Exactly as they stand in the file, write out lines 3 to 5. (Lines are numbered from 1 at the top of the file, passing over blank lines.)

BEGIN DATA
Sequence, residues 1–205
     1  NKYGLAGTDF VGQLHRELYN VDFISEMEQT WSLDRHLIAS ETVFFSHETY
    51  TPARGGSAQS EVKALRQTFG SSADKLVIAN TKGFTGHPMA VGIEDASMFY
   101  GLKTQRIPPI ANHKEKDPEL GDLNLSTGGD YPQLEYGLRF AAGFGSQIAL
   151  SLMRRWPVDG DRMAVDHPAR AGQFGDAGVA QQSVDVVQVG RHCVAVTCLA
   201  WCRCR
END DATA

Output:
    51  TPARGGSAQS EVKALRQTFG SSADKLVIAN TKGFTGHPMA VGIEDASMFY
   101  GLKTQRIPPI ANHKEKDPEL GDLNLSTGGD YPQLEYGLRF AAGFGSQIAL
   151  SLMRRWPVDG DRMAVDHPAR AGQFGDAGVA QQSVDVVQVG RHCVAVTCLA